Enough. Why does IT recoil from the word 'marketing? Because it sounds like 'selling' which sounds just plain yukky: many execs I speak with equate it with deception and used cars.
So to placate them, the experts call it 'communication' or even provide CIOs with a how-to on self-promotion. I grant you, to advance in the work world, self-promotion is a given. But to run an IT organization, marketing is required. Resistance (wide-spread, I might add) results in sub-optimizing the benefits of technology use in your company. Period.
Here's a marketing definition, one of many: the process of interesting potential customers and clients in your products and/or services. Selling, then, is the art of closing the deal. Both are honorable and at their best, are step-by-step process-based. Without marketing, no one would be aware of what products or services they might buy. And without selling, none of those products or services would be bought. Substitute 'might use' for 'might buy' and 'deployed' for 'bought'.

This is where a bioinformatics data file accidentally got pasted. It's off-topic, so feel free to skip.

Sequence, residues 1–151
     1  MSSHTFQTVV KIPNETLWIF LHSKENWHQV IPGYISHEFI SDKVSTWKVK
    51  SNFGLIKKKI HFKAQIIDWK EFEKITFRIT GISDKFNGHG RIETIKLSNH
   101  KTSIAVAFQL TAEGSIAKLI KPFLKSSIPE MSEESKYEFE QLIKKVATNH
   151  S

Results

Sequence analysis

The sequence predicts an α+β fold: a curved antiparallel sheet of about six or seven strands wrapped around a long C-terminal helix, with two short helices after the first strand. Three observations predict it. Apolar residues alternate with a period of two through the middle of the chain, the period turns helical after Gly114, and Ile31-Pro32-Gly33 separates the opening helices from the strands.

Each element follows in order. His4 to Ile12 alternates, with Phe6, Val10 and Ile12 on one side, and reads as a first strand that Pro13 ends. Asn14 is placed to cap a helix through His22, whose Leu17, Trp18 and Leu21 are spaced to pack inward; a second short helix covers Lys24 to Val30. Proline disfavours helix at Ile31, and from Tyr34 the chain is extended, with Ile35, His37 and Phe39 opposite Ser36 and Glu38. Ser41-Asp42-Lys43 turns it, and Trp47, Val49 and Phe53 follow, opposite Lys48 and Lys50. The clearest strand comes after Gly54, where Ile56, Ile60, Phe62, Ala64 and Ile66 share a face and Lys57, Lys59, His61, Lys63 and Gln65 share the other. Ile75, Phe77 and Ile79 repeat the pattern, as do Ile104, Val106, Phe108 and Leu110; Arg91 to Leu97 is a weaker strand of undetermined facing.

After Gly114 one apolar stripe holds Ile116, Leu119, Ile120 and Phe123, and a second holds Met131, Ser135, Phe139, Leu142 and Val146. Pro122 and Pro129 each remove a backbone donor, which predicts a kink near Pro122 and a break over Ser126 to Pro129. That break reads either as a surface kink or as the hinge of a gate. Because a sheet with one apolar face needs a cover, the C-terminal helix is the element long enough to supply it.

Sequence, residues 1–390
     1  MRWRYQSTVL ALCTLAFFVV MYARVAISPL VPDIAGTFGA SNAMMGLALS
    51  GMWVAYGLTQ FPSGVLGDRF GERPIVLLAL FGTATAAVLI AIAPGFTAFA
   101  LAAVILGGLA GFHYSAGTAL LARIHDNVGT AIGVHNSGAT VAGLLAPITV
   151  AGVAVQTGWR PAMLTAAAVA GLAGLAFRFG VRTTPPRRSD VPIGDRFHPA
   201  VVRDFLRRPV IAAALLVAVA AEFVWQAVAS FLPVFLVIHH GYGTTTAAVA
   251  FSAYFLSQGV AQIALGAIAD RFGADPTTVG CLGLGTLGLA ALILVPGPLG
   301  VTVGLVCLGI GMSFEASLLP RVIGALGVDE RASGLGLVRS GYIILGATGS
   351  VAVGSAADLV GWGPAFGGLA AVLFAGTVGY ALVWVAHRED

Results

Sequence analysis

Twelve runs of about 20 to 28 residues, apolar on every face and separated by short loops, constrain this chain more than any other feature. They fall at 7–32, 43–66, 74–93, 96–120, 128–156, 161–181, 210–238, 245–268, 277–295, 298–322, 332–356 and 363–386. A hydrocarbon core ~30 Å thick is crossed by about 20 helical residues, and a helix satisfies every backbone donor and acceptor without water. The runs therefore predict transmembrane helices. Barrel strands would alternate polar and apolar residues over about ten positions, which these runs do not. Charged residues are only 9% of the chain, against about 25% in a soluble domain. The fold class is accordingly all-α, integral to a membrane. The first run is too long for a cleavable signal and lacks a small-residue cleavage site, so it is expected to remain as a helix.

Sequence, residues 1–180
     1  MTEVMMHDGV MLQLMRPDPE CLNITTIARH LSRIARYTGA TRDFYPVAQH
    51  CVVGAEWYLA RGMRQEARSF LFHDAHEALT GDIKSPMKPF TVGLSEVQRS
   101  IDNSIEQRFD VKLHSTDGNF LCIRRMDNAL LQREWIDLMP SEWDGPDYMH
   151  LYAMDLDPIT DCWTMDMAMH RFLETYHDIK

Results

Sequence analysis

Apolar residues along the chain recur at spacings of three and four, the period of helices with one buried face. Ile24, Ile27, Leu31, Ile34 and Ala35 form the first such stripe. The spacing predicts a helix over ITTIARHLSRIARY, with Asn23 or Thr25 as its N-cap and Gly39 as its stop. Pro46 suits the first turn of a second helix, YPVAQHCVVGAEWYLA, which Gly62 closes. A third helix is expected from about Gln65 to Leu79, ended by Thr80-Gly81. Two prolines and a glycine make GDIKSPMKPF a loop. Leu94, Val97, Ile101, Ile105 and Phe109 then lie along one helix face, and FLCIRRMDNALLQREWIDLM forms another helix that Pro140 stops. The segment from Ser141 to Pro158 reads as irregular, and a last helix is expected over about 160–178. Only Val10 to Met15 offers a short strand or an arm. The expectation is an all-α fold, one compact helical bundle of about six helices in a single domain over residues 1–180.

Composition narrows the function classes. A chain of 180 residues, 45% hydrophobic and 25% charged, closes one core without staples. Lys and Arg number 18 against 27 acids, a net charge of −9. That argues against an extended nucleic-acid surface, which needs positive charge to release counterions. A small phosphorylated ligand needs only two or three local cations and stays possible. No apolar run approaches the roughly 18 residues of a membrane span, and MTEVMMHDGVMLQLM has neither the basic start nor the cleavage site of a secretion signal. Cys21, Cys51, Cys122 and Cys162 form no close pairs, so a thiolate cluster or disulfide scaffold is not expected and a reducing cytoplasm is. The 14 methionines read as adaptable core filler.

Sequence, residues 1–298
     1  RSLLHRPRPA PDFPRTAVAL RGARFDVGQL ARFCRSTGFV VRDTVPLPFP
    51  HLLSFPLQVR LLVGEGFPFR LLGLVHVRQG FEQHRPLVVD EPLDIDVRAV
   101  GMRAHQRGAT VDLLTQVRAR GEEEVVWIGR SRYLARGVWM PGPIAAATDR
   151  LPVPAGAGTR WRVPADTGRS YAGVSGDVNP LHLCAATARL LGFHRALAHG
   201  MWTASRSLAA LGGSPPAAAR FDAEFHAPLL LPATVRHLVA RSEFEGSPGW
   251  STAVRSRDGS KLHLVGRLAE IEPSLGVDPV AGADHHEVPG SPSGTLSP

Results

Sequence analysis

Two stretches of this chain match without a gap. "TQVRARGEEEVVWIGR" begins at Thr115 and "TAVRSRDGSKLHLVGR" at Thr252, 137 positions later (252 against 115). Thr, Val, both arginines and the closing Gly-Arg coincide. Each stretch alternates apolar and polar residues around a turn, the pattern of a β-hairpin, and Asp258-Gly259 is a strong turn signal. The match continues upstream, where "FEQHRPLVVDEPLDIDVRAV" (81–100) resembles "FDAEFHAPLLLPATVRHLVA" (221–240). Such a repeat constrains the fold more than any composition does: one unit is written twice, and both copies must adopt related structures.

That is the simple essence for what CIOs and their IT organizations should WANT to happen. Now ask yourself a few starter marketing questions:
- Is it someone's job in IT to market IT initiatives?
- Do you deliver a newsletter (any form) more frequently than quarterly about new IT initiatives or capabilities?
- Do communications use business language constituents would recognize?
You and your people should then be out selling: ideas to people, participation in pilots, activation of new software in individual business units, funding for new technologies, and more.
Finally, in the category of 'self-promotion', you should be making sure that those who should know actually do know the role that you play in leading your organization and the firm's use of technology, and more.
That's it. Simple. Your thoughts welcome.
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